Identifying Air Conditioning ProblemsIdentifying Air Conditioning Problems


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Identifying Air Conditioning Problems

Last summer, after carefully planning a family reunion for months, the worst thing in the world happened. My air conditioner died right in the middle of the night--when we had our entire family staying at our house. People were uncomfortable and grumpy because of the heat, and it was really embarrassing. Fortunately, we were able to get an HVAC contractor out to help us, and they did an awesome job fixing things fast. To prevent problems in the future, I decided that it would be smart to learn how to identify air conditioning problems. My website is all about finding the things that are wrong with your HVAC system and preventing issues.

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DIY Water Damage Restoration Tips

Uncontrolled water damage poses an enormous risk to both your belongings and your home's structure. Depending on the severity of the damage, DIY water damage restoration may be possible. Here are some DIY tips for mitigating water damage in your home.

Move Belongings Away From Standing Water

Whether you have standing water in your basement or a pipe sprung a leak in your bathroom, the first thing you should do is move all of your belongings that you can away from the water. If you need to move electronics, you should turn off any breakers that send power to the room before attempting to unplug them to avoid injury.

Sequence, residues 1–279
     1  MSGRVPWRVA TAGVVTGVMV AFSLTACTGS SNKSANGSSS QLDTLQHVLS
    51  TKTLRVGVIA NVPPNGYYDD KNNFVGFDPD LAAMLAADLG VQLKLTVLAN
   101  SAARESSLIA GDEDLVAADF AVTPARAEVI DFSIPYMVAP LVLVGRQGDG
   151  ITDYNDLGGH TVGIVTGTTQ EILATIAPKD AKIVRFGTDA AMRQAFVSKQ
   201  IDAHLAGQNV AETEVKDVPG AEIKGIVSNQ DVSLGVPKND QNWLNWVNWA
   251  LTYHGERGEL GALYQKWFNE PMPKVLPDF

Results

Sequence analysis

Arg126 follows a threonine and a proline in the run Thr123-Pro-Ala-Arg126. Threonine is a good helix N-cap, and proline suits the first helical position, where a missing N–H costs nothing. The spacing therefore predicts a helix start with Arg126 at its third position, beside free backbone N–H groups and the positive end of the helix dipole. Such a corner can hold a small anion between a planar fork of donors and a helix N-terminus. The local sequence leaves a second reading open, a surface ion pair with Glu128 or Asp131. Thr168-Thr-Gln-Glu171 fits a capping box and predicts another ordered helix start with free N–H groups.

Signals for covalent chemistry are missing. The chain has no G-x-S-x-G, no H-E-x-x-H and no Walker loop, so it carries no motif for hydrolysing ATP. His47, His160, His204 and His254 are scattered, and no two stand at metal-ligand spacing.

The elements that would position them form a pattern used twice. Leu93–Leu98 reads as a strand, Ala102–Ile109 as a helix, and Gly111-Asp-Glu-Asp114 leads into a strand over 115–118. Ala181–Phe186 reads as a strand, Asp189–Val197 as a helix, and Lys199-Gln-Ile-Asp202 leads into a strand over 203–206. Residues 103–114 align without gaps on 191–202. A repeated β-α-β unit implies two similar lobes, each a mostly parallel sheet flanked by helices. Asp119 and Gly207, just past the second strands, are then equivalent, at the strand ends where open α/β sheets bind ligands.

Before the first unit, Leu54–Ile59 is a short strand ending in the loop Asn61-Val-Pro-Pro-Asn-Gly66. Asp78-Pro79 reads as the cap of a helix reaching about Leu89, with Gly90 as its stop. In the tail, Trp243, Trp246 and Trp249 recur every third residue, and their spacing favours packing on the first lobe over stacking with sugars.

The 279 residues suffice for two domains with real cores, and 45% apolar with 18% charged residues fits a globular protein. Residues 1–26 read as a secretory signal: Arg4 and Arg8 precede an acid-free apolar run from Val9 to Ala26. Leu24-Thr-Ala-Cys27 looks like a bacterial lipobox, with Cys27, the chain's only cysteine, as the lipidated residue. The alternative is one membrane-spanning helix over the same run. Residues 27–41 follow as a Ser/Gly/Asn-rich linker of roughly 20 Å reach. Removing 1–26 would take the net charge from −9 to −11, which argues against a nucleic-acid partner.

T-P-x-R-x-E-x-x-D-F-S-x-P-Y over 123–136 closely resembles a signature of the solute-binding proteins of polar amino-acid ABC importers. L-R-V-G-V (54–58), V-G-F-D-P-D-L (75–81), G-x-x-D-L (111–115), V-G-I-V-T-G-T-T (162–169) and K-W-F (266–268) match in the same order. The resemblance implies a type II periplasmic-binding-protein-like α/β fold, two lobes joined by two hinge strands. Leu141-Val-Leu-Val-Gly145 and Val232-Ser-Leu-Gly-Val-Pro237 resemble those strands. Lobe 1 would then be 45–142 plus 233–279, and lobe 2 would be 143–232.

You'll next want to carry all the furniture out of the room with standing water. It is usually best to put wet furniture outside, as furniture can hold a lot of water that could drip out in another room and cause more damage to the floor.

When the furniture is out, pull up the carpet and underpadding and set it outside as well. While furniture may be salvageable if it has not been exposed to water for too long, carpet is almost always destroyed. After soaking up large amounts of water, carpet often shrinks enough that it is no longer usable in the room it came from.

Dry and Ventilate Affected Rooms

The hard part of water damage restoration comes after you have cleared your belongings out of the room. The old-fashioned method of blotting up water with towels, mops, and sponges is usually the best way to dry the room. Wring out mops and rags into buckets as you go, and simply pour the water down a drain.

While you may be able to use a wet/dry vac, be sure you do not plug it up in the same room. Extension cords can also be dangerous if they separate or short out while you are using the vacuum and come in contact with water.

Ventilate the room by opening all windows and doors, and place fans in doorways to assist in evaporating moisture. After you have given the room 24 to 48 hours to dry, you can pull up flooring, remove soggy drywall, and begin the process of mold remediation.

Treating a room for water damage is a large-scale job, but you can use these tips to save the cost of hiring a water intrusion professional for mild to moderate water damage repair.